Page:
Delivery Man is an American comedy-drama film directed by Ken Scott, produced by DreamWorks Pictures, and starring Vince Vaughn, Chris Pratt, and Cobie Smulders. The film was released by Touchstone Pictures on November 22, 2013. It is a remake of Scott’s 2011 French-Canadian film, Starbuck.
About the Story
David Wozniak is a hapless deliveryman for his family’s butcher shop, pursued by thugs to whom he owes $80,000. His girlfriend Emma is pregnant with his child. One day, David returns from work to find a lawyer representing a sperm bank (where he gave 693 donations and earned a sum of $24,255 during his student years) who tells him he had fathered 533 children. Of those, 142 have joined a class action lawsuit to force the fertility clinic to reveal the identity of “Starbuck”, the alias he had used.
David’s friend and lawyer Brett represents him as he tries to keep the records sealed. He provides David with profiles of each party to the lawsuit: David stalks them, finding moments for random acts of kindness. David considers identifying himself, but after the thugs assault his father, he agrees with his lawyer to counter-sue the sperm bank for punitive damages. He wins the lawsuit: he receives $200,000 and keeps his identity a secret.
David has regrets and thinks about revealing his identity. However, if he chooses to do so, he would lose the $200,000 that was won in the countersuit. He reveals to his father that he is Starbuck. His father decides to pay off David’s debt. David finally reveals his identity on Facebook. He goes to Emma’s house and finds that she is going into premature labor. At the hospital, his baby is born, he proposes to Emma, and many of the children show up to see him.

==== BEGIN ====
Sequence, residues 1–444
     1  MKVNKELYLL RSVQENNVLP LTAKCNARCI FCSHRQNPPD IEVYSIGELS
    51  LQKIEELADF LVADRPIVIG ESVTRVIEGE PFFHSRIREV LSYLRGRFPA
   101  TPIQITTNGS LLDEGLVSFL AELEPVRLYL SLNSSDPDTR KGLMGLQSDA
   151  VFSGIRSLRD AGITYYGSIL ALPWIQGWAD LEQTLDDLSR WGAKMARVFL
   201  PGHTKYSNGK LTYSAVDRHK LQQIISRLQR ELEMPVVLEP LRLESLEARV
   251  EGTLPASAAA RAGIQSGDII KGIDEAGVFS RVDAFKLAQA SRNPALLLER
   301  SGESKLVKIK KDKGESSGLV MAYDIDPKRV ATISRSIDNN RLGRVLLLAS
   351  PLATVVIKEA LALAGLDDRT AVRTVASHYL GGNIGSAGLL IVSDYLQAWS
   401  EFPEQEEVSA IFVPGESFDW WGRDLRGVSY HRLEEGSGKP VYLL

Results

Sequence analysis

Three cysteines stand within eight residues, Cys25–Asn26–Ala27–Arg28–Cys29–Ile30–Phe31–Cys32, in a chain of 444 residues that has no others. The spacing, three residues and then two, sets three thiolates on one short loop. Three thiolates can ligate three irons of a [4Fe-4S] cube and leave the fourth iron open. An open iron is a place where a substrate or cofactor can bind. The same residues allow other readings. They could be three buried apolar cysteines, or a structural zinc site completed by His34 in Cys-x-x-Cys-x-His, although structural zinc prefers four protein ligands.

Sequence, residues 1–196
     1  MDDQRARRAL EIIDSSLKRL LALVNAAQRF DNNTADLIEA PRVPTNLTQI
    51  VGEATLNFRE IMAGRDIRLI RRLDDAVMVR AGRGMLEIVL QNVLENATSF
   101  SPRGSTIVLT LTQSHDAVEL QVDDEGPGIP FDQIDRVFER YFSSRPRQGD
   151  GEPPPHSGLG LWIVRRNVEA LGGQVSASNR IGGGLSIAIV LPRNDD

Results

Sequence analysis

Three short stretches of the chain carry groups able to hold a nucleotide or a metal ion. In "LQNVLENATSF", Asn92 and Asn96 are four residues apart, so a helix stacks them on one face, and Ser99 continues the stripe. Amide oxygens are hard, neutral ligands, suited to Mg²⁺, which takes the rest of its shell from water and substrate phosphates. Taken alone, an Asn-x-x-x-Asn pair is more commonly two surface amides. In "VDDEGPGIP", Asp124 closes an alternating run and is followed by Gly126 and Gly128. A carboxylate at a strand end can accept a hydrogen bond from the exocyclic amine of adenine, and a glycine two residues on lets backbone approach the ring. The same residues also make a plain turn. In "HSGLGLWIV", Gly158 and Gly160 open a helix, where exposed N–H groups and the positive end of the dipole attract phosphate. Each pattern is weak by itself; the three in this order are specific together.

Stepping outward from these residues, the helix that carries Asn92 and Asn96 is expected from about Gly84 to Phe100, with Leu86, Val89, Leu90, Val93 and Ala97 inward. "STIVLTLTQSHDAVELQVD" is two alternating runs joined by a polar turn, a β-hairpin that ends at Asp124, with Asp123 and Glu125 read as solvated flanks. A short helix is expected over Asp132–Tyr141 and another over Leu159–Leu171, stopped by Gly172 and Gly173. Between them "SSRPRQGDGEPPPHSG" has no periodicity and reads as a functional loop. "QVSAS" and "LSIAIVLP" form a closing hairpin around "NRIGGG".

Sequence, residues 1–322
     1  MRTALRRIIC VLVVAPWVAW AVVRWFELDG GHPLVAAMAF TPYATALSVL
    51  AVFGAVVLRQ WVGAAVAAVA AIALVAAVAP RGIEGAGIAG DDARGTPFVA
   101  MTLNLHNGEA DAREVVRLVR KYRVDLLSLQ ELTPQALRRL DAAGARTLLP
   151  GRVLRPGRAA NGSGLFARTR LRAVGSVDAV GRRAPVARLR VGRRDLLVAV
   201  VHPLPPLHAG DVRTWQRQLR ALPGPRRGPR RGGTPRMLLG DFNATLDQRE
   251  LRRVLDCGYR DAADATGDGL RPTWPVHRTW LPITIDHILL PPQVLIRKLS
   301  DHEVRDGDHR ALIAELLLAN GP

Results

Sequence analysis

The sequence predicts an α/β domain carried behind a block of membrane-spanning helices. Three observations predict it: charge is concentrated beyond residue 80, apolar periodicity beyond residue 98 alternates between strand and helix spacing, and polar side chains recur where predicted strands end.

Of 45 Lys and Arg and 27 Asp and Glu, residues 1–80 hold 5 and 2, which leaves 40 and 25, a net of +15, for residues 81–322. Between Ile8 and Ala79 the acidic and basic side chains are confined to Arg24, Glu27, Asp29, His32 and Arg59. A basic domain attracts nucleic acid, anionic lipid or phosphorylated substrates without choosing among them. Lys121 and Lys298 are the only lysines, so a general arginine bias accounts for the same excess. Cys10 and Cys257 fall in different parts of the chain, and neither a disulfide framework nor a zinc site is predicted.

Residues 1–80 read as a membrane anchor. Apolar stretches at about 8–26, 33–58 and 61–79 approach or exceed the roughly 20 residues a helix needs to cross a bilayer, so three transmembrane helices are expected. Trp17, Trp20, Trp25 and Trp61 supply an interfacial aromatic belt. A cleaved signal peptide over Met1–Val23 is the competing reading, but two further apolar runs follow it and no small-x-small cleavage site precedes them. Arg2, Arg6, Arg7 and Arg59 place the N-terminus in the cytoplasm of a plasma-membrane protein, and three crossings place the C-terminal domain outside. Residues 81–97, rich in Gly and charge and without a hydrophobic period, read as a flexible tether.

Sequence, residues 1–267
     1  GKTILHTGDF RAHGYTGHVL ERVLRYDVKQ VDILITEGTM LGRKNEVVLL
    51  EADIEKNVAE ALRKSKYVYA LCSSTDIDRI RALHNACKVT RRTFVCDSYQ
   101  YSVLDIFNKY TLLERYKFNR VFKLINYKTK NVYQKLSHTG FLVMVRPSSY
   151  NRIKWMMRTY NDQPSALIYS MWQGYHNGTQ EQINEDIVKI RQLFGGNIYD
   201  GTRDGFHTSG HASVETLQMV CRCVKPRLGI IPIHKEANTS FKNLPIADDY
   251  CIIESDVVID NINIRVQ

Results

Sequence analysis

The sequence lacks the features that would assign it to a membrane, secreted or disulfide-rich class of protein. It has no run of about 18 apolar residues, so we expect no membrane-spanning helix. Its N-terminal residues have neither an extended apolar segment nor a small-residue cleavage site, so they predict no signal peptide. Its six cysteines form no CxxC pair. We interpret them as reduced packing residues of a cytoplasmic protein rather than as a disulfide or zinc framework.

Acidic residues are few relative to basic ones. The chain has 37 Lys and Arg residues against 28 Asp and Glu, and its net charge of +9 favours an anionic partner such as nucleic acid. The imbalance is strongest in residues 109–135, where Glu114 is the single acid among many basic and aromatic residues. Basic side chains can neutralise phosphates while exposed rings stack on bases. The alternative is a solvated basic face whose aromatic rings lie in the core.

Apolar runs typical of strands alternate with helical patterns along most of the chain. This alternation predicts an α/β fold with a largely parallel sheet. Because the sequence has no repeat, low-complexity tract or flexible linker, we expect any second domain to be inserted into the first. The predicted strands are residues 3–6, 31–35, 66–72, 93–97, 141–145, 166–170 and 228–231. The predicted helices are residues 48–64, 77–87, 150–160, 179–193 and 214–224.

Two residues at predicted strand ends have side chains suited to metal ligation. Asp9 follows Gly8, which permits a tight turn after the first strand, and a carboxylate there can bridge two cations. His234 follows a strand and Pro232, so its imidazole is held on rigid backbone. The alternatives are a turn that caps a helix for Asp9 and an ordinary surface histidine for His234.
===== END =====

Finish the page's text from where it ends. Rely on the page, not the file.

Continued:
Directed by: Ken Scott
Starring: Cobie Smulders, Chris Pratt, Vince Vaugh, Britt Robertson, Jack Reynor, Erin Gerasimovich, Camille Kitt
Screenplay by: Ken Scott
Production Design by: Ida Random
Cinematography by: Eric Alan Edwards
Film Editing by: Priscilla Nedd-Friendly
Costume Design by: Melissa Toth
Set Decoration by: Sara Parks
Music by: Jon Brion
MPAA Rating: PG-13 for thematic elements, sexual content, some drug material, brief violence and language.
Studio: DreamWorks Pictures
Release Date: November 22, 2013
Theodore is a lonely man in the final stages of his divorce. When he’s not working as a letter writer, his down time is spent playing video games and occasionally hanging out with friends. He decides to purchase the new OS1, which is advertised as the world’s first artificially intelligent operating system, “It’s not just an operating system, it’s a consciousness,” the ad states.
Theodore quickly finds himself drawn in with Samantha, the voice behind his OS1. As they start spending time together they grow closer and closer and eventually find themselves in love. Having fallen in love with his OS, Theodore finds himself dealing with feelings of both great joy and doubt. As an OS, Samantha has powerful intelligence that she uses to help Theodore in ways others hadn’t, but how does she help him deal with his inner conflict of being in love with an OS?
Set in Los Angeles, slightly in the future, the movie follows Theodore Twombly, a complex, soulful man who makes his living writing touching, personal letters for other people. Heartbroken after the end of a long relationship, he becomes intrigued with a new, advanced operating system, which promises to be an intuitive entity in its own right, individual to each user. Upon initiating it, he is delighted to meet “Samantha” (Scarlett Johansson), a bright, female voice, who is insightful, sensitive and surprisingly funny. As her needs and desires grow, in tandem with his own, their friendship deepens into an eventual love for each other.
Her was chosen as the closing film of the 50th New York Film Festival, and will have its world premiere on October 12, 2013. The film was set to have a limited release in North America on November 20, 2013 through Warner Bros. It has now been pushed back to a limited December 18, 2013 release with a January 10, 2014 wide release in order to accommodate an awards campaign.